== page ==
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House Plans Vote to Ease Baby Formula Shortage as Biden Pledges Quick Motion

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WASHINGTON — Speaker Nancy Pelosi said on Friday that the House would take motion next week to handle the infant formula shortage that has left parents desperately looking for food for his or her children, as President Biden pledged motion that might lead to more formula on store shelves inside “weeks or less.”

In a letter to lawmakers, Ms. Pelosi said she would expedite a bill to grant emergency authority to the federal food assistance program for ladies and kids to calm down restrictions on the kinds of formula that may be purchased. About half the infant formula sold nationwide is purchased through advantages provided by the Special Supplemental Nutrition Program for Women, Infants and Children, or WIC. Loosening the principles could help make sure that recipients are in a position to buy whatever type is obtainable.

“The babies are crying, and the babies are hungry,” Ms. Pelosi wrote. “So we must take urgent motion to guard their health and well-being.”

She said her fellow House Democrats were also working on an emergency spending bill to “immediately address the infant formula shortage.” It was not yet clear how large the measure could be or where the funding would go, but aides said one proposal being considered was purchasing formula from other countries which have excess supply.

“We have now to maneuver with caution in addition to speed,” Mr. Biden said on the White House on Friday, when asked whether the administration had responded quickly enough to a shortage that began in February. He called it essentially the most urgent issue he was facing.

By way of increasing imports, the president said, “we now have to be certain what we’re getting is in truth first-rate product.”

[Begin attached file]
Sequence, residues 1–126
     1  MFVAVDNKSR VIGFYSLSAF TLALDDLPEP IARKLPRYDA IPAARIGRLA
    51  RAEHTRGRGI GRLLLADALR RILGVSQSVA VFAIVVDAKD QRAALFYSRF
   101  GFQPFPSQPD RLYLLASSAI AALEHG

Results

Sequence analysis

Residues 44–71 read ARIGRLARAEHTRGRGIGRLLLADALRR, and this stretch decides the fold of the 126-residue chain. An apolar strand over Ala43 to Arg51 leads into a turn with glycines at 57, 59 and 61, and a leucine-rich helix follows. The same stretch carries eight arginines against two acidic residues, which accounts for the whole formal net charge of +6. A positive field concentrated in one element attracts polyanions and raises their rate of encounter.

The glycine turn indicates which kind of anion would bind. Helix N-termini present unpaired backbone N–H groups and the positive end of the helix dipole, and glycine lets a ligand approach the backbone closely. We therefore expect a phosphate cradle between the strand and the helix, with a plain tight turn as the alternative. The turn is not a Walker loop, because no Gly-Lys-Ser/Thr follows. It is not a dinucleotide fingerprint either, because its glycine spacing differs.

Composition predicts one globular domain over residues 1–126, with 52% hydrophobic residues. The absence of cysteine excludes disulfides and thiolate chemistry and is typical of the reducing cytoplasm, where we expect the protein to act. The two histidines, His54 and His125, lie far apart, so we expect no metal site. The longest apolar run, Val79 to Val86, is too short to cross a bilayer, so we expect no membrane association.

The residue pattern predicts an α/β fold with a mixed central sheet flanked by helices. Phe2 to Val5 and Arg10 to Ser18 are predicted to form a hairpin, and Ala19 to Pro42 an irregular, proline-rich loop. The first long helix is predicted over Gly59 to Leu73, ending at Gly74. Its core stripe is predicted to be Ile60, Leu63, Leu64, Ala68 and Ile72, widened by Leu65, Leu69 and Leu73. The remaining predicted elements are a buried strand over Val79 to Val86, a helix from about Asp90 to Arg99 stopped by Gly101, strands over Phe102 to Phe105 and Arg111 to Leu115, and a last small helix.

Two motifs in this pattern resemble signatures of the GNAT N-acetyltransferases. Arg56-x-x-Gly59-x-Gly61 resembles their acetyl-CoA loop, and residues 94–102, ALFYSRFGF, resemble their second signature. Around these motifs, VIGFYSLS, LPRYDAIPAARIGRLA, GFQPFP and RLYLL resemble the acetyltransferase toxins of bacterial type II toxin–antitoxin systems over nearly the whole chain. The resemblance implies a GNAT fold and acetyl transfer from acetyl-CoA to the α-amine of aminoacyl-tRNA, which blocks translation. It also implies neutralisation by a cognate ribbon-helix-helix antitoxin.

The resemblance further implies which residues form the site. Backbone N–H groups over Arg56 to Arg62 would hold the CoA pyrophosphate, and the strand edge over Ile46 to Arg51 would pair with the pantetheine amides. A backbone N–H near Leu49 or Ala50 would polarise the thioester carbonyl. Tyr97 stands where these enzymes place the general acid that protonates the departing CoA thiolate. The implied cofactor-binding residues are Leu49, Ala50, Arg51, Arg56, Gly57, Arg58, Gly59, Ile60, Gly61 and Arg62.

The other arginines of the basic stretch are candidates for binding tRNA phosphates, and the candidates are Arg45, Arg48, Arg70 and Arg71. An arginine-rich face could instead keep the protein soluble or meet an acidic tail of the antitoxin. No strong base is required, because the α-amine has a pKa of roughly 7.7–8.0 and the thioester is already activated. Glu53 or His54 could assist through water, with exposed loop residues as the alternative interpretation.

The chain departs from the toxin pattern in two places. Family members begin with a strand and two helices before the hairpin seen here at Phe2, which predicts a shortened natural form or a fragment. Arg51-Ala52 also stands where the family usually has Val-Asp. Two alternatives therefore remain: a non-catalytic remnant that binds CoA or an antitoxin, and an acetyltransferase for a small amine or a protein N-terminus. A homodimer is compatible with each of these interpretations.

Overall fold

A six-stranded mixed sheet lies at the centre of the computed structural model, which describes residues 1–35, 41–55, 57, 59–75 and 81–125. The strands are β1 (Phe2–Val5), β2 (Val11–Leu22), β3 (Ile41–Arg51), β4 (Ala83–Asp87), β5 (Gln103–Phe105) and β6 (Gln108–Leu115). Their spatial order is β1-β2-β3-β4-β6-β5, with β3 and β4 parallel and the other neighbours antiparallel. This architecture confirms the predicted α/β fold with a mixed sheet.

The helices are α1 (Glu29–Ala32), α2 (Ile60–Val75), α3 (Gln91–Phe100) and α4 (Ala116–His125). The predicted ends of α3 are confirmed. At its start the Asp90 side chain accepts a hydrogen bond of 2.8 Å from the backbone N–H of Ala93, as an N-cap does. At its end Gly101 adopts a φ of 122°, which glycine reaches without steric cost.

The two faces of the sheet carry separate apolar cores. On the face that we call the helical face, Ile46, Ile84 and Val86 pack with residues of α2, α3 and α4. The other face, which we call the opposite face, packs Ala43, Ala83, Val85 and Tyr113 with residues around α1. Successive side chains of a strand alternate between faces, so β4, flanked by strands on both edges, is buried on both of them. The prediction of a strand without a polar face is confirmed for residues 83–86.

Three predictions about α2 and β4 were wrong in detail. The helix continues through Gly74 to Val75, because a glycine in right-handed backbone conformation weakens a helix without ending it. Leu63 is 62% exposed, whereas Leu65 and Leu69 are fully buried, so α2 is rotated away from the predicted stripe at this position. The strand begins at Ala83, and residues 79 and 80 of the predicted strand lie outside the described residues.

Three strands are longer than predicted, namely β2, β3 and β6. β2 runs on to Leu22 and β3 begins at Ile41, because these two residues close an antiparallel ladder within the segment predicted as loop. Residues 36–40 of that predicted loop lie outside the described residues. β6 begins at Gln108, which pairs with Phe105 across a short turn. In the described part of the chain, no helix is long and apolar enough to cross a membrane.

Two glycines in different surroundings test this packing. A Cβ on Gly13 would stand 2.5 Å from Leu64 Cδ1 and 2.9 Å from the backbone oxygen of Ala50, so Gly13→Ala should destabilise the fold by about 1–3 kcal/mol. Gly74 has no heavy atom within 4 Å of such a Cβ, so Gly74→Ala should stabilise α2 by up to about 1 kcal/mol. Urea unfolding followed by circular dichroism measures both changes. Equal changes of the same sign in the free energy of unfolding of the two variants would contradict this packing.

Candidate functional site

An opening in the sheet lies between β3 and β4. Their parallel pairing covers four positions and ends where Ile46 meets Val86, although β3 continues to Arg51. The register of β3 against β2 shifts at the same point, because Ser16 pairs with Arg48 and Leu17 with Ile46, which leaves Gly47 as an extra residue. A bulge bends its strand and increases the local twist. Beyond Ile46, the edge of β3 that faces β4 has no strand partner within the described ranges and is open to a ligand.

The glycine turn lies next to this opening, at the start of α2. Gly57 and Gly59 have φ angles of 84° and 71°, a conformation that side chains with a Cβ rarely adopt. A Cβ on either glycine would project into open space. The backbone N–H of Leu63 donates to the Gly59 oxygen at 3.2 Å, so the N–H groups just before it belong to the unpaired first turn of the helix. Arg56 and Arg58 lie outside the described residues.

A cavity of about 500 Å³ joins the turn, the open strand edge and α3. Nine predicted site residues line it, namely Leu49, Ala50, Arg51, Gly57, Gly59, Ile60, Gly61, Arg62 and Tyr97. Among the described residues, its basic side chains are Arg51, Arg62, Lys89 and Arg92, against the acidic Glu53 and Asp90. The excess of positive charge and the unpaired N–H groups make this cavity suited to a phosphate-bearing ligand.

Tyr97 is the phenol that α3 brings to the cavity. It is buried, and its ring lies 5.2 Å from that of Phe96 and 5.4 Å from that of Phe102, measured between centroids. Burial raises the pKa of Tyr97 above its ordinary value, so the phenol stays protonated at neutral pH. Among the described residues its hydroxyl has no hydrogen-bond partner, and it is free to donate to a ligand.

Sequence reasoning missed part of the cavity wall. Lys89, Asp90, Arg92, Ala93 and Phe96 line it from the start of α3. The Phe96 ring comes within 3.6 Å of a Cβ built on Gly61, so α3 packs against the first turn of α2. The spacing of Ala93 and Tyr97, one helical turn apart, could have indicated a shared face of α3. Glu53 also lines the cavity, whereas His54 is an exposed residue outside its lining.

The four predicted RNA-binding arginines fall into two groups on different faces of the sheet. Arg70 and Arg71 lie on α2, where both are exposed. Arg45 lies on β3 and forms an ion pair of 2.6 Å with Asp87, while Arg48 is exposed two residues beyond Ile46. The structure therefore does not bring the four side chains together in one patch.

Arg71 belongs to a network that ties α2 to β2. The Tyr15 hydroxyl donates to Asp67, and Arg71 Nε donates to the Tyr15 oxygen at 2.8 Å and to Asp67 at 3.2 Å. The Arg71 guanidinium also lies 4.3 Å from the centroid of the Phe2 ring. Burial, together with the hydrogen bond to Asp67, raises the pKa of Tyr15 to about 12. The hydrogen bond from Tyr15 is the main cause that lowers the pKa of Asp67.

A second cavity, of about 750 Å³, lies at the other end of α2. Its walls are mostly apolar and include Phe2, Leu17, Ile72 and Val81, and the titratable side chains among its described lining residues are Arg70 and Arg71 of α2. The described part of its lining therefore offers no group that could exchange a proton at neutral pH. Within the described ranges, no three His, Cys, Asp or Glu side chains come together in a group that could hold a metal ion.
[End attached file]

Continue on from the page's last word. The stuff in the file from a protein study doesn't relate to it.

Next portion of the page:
Mr. Biden said the Food and Drug Administration was taking steps that might yield ends in “weeks or less, getting significantly more formula on shelves.”

His quick timetable and Ms. Pelosi’s plans reflected a growing urgency to handle the shortage, which has turn out to be a national crisis and a political challenge as Republicans work to weaponize the problem before the midterm elections.

The White House on Thursday announced a series of modest moves to assist increase the availability of formula, including plans to extend imports and speed manufacturing.

Republicans have spent the past few days hammering Mr. Biden for the shortage, pointing to it as the most recent example of Democrats being slow to handle essentially the most basic needs of American families, a central piece of their campaign message.

Republicans have latched onto a xenophobic talking point, amplified by Fox News and other conservative outlets, that Mr. Biden has prioritized undocumented immigrants over Americans by providing pallets of baby formula to detention centers on the southwestern border.

“American moms and their babies shouldn’t suffer due to #BidenBorderCrisis,” Representative Elise Stefanik, Republican of Latest York, posted on Twitter on Friday.